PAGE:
4/22, The BIG BIKE DAY! Strategy, Location, Date, Route and Fortitude.

With careful planning, choosing the perfect date, picking a habitat-rich route and quite simply “bucking up” for what I knew would be a ride that would take me further than I had ever ventured before, we firmed up our agenda. With the “Carbon Free Big Year Master”, Josiah Clark, who holds the record for the most species recorded in a carbon free big year, (295), and long time friends Ivan Samuels and Jeff Miller, we made our commitment on a date and hoped that the fair weather gods to be with us. We had originally picked 4/20 but our area was getting blown away by strong winds and soaked with heavy rains. We postponed and kept our fingers crossed. It was April 22nd and it was on!

Jeff arrived at my gallery at 4:20 AM and we double checked our bikes, gear and optics. With day packs filled with water and food, heads and bikes adorned with lights, we rode into the darkness and out of town.  In the cool and quiet predawn, we quickly peddled to the Bolinas School where we hooked up with Josiah and Ivan who were just arriving from San Francisco. By the way, they are not doing a carbon free year and so drove over in a car. They pulled their bikes out and prepared their gear. We chugged some strong coffee, bumped fists gave an enthusiastic whoop! We were off!!! 4:30 and we were moving. My hope and goal was to add 12 species to my big year total.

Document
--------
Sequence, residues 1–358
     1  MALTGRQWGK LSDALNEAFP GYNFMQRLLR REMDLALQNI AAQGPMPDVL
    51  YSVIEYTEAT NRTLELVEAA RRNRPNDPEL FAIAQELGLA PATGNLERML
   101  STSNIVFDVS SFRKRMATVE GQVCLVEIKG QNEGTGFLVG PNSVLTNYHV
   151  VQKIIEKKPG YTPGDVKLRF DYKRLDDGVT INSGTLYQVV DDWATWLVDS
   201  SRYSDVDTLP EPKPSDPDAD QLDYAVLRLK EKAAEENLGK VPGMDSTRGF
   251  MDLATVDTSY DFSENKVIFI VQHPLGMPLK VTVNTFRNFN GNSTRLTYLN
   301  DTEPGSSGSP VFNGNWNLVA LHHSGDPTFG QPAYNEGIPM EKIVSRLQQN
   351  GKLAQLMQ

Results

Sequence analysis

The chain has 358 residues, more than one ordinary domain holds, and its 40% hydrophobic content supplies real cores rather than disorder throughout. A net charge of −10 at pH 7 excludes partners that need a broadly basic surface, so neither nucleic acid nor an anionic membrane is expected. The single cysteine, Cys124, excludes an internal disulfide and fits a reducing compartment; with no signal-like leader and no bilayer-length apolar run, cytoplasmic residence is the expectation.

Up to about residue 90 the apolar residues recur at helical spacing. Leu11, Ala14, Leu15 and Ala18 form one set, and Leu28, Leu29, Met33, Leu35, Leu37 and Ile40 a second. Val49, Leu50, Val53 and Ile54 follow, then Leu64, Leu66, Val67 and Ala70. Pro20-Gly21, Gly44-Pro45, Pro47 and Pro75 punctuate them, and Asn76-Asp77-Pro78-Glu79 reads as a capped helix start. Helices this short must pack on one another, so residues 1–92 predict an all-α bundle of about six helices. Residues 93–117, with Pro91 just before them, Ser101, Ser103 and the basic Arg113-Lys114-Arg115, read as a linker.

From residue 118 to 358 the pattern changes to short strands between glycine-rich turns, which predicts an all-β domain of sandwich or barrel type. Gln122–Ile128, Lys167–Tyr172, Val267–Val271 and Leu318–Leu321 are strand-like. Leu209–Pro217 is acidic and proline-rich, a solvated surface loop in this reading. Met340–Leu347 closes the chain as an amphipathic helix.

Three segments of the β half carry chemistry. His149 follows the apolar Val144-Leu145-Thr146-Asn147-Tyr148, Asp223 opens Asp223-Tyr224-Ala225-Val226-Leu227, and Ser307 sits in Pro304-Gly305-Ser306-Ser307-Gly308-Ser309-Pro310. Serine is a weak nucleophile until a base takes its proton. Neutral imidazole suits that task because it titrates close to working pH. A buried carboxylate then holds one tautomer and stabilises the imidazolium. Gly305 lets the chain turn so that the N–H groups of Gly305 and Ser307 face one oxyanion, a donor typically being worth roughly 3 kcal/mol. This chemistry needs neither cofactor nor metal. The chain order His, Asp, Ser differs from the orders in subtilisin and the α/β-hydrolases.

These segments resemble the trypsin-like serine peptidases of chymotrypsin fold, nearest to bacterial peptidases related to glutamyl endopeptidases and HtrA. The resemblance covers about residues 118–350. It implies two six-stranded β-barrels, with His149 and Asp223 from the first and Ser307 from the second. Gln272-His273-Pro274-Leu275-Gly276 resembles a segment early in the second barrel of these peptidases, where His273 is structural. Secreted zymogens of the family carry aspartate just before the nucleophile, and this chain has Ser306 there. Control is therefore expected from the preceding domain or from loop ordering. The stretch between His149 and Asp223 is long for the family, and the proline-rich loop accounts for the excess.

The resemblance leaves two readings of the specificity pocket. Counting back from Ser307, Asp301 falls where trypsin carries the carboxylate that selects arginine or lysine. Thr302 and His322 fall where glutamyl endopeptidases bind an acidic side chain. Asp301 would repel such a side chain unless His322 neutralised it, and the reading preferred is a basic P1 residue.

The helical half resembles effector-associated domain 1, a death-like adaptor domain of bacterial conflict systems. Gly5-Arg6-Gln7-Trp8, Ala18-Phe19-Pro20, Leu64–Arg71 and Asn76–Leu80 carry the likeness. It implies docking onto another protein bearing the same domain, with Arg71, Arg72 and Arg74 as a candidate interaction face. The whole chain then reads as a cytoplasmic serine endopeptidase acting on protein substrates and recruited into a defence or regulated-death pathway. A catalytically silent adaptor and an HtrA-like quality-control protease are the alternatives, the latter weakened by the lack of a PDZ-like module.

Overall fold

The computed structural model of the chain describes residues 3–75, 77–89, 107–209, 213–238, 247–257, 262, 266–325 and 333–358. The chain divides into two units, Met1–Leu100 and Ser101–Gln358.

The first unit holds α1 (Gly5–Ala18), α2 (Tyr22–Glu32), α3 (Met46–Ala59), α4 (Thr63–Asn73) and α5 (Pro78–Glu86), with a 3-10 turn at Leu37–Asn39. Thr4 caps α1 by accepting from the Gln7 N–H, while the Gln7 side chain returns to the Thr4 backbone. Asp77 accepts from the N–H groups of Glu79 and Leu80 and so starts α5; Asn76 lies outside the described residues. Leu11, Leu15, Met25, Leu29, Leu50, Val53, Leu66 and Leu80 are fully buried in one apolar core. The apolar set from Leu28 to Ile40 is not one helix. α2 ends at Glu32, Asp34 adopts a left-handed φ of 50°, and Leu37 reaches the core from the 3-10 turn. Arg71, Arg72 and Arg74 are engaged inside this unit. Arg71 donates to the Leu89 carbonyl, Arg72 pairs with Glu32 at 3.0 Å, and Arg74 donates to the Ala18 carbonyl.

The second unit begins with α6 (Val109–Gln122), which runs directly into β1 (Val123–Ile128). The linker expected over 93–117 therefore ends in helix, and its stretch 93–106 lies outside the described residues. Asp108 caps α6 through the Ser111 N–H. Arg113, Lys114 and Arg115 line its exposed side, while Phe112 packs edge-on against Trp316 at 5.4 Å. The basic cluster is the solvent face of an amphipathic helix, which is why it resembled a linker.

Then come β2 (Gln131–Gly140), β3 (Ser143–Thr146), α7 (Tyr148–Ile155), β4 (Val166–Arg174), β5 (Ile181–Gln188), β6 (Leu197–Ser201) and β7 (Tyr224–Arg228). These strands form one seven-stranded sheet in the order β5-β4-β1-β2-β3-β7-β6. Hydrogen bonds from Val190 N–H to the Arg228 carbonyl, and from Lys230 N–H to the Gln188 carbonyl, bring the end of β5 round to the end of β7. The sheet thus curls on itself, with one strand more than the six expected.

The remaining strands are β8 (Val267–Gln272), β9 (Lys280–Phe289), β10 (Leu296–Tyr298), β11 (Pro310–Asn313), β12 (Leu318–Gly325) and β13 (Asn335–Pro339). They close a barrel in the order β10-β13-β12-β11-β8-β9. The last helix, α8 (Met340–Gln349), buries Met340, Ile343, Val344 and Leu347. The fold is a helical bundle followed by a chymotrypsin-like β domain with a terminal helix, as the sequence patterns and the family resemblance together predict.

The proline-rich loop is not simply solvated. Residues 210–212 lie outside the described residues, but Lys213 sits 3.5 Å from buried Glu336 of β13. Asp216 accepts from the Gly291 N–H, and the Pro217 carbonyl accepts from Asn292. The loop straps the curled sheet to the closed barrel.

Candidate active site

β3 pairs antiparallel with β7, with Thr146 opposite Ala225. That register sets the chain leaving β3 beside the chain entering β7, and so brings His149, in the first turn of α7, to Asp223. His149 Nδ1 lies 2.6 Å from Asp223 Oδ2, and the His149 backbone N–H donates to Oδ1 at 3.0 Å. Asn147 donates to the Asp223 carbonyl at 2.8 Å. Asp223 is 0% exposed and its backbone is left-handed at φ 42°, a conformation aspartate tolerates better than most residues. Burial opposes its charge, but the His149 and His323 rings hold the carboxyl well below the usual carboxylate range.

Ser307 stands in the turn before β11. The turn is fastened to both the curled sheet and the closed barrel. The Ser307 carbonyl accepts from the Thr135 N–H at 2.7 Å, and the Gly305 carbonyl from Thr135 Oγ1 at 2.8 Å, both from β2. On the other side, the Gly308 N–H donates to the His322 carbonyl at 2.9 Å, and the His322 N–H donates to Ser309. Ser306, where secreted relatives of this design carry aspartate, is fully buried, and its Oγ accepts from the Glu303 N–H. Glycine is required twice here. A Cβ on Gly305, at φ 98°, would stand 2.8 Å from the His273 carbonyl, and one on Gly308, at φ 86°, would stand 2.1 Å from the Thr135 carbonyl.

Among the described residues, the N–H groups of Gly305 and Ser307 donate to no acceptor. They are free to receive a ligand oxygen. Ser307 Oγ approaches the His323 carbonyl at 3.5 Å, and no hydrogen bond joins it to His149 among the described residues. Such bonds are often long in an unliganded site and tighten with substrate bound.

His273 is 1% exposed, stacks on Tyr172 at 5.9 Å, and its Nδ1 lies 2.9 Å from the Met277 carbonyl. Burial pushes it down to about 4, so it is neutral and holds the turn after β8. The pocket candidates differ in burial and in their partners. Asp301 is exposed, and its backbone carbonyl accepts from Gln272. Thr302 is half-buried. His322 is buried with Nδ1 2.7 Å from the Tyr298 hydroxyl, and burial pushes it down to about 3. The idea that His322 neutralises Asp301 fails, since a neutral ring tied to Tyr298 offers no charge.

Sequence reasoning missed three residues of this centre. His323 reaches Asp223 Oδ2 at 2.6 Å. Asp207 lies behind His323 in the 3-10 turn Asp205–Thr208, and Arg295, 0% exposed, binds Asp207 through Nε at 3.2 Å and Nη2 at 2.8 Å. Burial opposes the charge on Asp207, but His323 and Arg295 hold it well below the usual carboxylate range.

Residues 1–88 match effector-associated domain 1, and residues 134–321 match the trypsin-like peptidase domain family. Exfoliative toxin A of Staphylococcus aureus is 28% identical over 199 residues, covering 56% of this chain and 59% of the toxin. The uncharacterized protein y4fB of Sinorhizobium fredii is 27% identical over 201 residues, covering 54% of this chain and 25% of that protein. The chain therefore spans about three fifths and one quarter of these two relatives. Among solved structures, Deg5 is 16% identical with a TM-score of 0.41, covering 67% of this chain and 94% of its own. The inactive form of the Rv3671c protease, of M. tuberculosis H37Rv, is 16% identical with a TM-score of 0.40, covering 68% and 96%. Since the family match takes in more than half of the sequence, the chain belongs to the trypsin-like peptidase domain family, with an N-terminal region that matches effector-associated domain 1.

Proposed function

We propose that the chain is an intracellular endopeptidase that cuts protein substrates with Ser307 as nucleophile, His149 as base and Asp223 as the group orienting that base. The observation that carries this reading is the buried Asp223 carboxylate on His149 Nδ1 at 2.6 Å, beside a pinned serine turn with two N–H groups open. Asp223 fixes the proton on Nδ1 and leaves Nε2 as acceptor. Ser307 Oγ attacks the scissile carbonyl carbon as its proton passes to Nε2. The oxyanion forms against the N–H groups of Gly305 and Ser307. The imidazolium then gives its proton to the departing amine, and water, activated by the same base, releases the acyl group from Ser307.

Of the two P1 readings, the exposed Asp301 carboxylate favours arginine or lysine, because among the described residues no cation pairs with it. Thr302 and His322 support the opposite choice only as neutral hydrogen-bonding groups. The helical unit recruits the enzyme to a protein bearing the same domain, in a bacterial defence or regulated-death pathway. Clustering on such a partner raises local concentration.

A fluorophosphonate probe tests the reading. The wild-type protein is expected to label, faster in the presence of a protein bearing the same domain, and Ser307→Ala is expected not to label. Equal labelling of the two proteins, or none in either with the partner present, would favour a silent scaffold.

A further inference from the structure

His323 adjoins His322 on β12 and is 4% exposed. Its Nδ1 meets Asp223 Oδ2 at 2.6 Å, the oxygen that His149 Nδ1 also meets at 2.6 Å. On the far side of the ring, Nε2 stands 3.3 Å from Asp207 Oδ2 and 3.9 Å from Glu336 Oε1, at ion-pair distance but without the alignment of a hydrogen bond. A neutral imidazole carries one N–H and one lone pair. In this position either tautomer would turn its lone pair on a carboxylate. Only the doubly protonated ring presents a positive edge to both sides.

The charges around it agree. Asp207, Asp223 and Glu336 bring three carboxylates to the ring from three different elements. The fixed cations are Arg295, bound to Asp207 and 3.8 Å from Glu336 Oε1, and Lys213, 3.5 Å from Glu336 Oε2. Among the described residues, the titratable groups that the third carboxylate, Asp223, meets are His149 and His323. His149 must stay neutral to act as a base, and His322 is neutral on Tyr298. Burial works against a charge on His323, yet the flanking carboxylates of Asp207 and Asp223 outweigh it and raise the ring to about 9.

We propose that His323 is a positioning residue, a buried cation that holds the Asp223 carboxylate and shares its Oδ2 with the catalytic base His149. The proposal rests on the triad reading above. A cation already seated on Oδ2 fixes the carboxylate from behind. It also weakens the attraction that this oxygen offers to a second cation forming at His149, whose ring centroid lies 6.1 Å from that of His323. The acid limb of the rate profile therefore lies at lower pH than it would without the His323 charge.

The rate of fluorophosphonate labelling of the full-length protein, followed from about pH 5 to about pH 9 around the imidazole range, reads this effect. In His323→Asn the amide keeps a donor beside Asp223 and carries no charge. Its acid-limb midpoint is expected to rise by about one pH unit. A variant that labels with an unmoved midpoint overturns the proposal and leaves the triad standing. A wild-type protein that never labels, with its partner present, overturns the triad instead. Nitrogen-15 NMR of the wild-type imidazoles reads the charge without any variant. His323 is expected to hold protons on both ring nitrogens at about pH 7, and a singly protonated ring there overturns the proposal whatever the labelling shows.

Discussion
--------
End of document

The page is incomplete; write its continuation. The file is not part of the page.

Cruising along the Bolinas Lagoon we heard our first species of the “day” when a singing male Red-winged Blackbird cranked out its “rusty machine” Conk-a-REE! Pulling up to a large grove of oak, we stood in the quiet darkness and were enlivened to hear a distant Great Horned Owl hooting from across the still and peaceful lagoon. That would be my first new bird of the day. #169. We couldn’t have moved more that a few hundred yards when my second bird would give itself away by calling and what a bird it would be! Josiah, with his seemingly “super human” hearing, excitedly pointed out “Northern Saw-whet Owl”! This is a species that I had never encountered in or around Bolinas so I was especially keen on hearing it. After some anxious seconds the tiny owl complied and gave itself over to me, with song. I was happy to know that these shy and reclusive creatures can be found in our immediate area. It seemed to calling softly from the willows that surround the small fresh water pond at the foot of the Bolinas-Fairfax Road. #170. With a few Green-winged Teal calling like crickets amongst the numerous American Wigeon, a Virginia Rail overwhelmed the still of the night by croaking out its loud and alarming ZHOOOP, Zhooop, Zhooop, zhooop, zhooooop! We peddled on. Once we neared the trees at Hwy.1 and Horseshoe Hill Road, I smiled to myself as several calling Swainson’s Thrush emitted their water-drop like  “droip ?, droip ?” from the fern clad darkness that I found myself surrounded by. These highly migratory birds had very likely just arrived from their immense journey from as far away as South America, where they spend the winter. “Welcome home” I whispered under my breath. # 171.